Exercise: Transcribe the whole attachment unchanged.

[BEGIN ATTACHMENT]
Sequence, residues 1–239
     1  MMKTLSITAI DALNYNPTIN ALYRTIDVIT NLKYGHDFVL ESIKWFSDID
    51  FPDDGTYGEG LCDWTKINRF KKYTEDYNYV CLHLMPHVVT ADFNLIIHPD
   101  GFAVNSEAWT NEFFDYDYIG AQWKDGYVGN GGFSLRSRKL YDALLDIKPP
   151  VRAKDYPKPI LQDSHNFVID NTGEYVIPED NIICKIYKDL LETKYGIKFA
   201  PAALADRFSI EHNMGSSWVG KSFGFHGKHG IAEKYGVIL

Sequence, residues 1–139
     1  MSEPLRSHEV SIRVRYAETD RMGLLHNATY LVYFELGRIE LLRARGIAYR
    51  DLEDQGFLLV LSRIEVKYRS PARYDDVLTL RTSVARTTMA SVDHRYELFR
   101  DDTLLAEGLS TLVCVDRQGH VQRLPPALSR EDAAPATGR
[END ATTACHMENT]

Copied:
Sequence, residues 1–239
     1  MMKTLSITAI DALNYNPTIN ALYRTIDVIT NLKYGHDFVL ESIKWFSDID
    51  FPDDGTYGEG LCDWTKINRF KKYTEDYNYV CLHLMPHVVT ADFNLIIHPD
   101  GFAVNSEAWT NEFFDYDYIG AQWKDGYVGN GGFSLRSRKL YDALLDIKPP
   151  VRAKDYPKPI LQDSHNFVID NTGEYVIPED NIICKIYKDL LETKYGIKFA
   201  PAALADRFSI EHNMGSSWVG KSFGFHGKHG IAEKYGVIL

Sequence, residues 1–139
     1  MSEPLRSHEV SIRVRYAETD RMGLLHNATY LVYFELGRIE LLRARGIAYR
    51  DLEDQGFLLV LSRIEVKYRS PARYDDVLTL RTSVARTTMA SVDHRYELFR
   101  DDTLLAEGLS TLVCVDRQGH VQRLPPALSR EDAAPATGR